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Medical Health

Coronavirus illustration
Fall 2020

COVID-19 research at WSU

As the COVID-19 pandemic hit, many Washington State University researchers refocused their efforts on the disease and its impacts.

Below are some of the research projects underway. It’s a dynamic list, so check back with WSU News for more projects.

 

COVID-19 crisis shows need for long-term changes
The upheaval created by the coronavirus 2019 outbreak, or COVID-19, is already transforming our society. Some of those changes may need to last a while to get through this and future outbreaks, according to Washington State University infectious disease epidemiologist Eric Lofgren.

WSU researchers … » More …

Spring 2020

Cannabis in WA state

The legalization of recreational cannabis in Washington state and Colorado in 2012 opened a box full of questions and debates about the drug and its related crop, hemp.

What is the effect on youth? Will crime go up? How does cannabis interact with other drugs and medicines? What health claims are accurate? How does the potency of cannabis affect mental health? These gaps, and many others, in our knowledge—combined with unverified claims by both proponents and opponents of legalized cannabis—make it difficult to find the best ways to regulate and manage the substance.

To answer the call, almost 100 Washington State University researchers have begun … » More …

Spring 2019

Medical Big Data

Big data is a powerful new tool in the medical bag, and one that can put patients in charge of their own health. Medical students at Washington State University are learning about the potential use of the tool on medical teams, while a new data analytics program at WSU teaches future data analysts. » More ...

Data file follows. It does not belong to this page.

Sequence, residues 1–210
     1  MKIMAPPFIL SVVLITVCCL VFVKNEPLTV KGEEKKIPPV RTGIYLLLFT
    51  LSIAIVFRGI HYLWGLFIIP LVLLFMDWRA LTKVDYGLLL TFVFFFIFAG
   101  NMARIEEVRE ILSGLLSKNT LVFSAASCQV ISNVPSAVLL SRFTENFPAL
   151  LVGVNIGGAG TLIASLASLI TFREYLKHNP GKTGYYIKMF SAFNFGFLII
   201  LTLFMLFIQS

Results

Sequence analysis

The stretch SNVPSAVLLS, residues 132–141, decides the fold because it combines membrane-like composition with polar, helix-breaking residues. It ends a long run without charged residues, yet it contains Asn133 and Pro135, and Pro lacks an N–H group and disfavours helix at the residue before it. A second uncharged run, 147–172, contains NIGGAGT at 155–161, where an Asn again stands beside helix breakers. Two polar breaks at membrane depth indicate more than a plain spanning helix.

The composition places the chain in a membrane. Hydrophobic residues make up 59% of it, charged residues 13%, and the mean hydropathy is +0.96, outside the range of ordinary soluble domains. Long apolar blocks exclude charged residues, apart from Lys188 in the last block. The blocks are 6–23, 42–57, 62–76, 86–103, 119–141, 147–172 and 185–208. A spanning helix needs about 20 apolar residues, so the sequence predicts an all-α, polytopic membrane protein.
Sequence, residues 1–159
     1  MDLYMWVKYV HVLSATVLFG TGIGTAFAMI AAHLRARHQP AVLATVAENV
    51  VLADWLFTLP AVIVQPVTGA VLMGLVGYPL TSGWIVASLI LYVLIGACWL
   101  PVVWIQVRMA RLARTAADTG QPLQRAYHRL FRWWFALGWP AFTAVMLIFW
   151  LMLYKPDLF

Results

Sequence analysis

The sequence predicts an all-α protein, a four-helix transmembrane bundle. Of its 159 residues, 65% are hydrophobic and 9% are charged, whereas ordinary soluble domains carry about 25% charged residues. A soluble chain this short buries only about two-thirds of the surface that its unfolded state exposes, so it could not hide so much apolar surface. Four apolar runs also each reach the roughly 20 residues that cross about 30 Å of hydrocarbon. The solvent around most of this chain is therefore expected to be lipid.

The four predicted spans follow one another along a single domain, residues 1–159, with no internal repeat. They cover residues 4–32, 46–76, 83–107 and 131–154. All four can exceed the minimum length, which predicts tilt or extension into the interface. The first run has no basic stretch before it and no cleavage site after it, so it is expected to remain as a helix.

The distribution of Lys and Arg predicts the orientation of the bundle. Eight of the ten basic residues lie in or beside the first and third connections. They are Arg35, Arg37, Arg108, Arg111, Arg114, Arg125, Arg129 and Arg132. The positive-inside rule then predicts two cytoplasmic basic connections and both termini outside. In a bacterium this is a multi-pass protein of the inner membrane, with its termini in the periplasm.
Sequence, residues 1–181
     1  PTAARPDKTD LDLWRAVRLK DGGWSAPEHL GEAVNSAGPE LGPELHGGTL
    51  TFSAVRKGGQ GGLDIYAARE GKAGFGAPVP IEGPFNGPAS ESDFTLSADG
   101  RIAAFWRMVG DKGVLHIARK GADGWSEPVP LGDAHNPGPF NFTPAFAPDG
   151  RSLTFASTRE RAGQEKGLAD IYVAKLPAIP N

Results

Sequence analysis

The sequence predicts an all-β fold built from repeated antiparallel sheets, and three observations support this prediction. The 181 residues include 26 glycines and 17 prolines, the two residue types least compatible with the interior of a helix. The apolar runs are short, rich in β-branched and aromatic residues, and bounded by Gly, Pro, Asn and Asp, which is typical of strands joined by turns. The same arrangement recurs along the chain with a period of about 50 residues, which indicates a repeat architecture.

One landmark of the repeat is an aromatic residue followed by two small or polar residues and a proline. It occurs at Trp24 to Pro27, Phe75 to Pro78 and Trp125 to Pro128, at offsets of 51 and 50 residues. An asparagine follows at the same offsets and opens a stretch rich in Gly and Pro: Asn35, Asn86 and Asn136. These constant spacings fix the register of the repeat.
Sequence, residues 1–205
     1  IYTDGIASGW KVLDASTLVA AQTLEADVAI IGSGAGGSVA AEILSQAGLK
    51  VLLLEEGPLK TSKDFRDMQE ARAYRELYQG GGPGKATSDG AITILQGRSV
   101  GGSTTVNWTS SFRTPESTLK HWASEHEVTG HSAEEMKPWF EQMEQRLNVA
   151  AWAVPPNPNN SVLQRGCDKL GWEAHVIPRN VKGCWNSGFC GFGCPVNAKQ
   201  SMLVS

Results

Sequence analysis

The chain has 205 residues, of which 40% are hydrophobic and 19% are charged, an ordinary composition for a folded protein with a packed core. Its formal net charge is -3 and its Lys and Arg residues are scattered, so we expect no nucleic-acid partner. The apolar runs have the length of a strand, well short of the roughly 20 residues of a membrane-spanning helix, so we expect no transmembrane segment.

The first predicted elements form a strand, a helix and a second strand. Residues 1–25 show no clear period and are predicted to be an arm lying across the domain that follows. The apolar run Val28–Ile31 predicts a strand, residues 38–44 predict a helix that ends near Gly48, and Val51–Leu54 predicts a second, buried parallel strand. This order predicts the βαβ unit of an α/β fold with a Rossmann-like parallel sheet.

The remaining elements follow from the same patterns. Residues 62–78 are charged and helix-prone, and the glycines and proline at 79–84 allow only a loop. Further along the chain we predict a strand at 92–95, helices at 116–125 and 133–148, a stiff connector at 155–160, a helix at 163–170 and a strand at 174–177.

Winter 2017

Medical leaders keep a community-based focus

Helping guide WSU’s community-based medical education are associate deans assigned to each of the regional hubs where students will spend their third and fourth years working alongside practicing physicians and others.

All are recognized innovators in medical education and were hired by WSU’s Elson S. Floyd College of Medicine following a nationwide search.

They are Dr. Larry Schecter at WSU Everett, Dr. Kevin Murray at WSU Vancouver and Dr. Farion Williams at WSU Tri-Cities.

“These associate deans will teach, recruit faculty to teach, and further the college mission by building out clinical partnerships with the rural and underserved areas,” said Ken … » More …

Winter 2017

Reconsidering health

Ancient Greek physician Hippocrates proposed that four basic personalities were driven by excess or lack of bodily fluids, the “humors.” Discredited by biochemistry, we may consider the idea humorous, but Hippocrates’ theories began a centuries-long consideration of temperaments and personality in psychology and philosophy.

Other ideas of human health were first spurned and then accepted. Germ theory, the thought that many diseases are caused by microorganisms, was treated with disdain when it was proposed in the sixteenth century. It didn’t receive its due until nineteenth-century experiments by cholera researcher John Snow and chemist Louis Pasteur, among others, proved germ theory’s validity.

Even today we continue … » More …

Stethoscope on a doctor's neck
Winter 2017

Ethics and effectiveness in medicine

“Can you be an effective physician without also being an ethical physician?” That’s the question students in the inaugural class of the Elson S. Floyd College of Medicine at Washington State University faced for the first time on day two of classes. They’ll revisit it regularly as they make their way towards the MD degree and entry into a profession that has, many bioethicists and physicians believe, an ethic built right into it. To say that there is an ethic internal to medicine is to say that certain kinds of moral responsibilities are built right into what it means to be a part of … » More …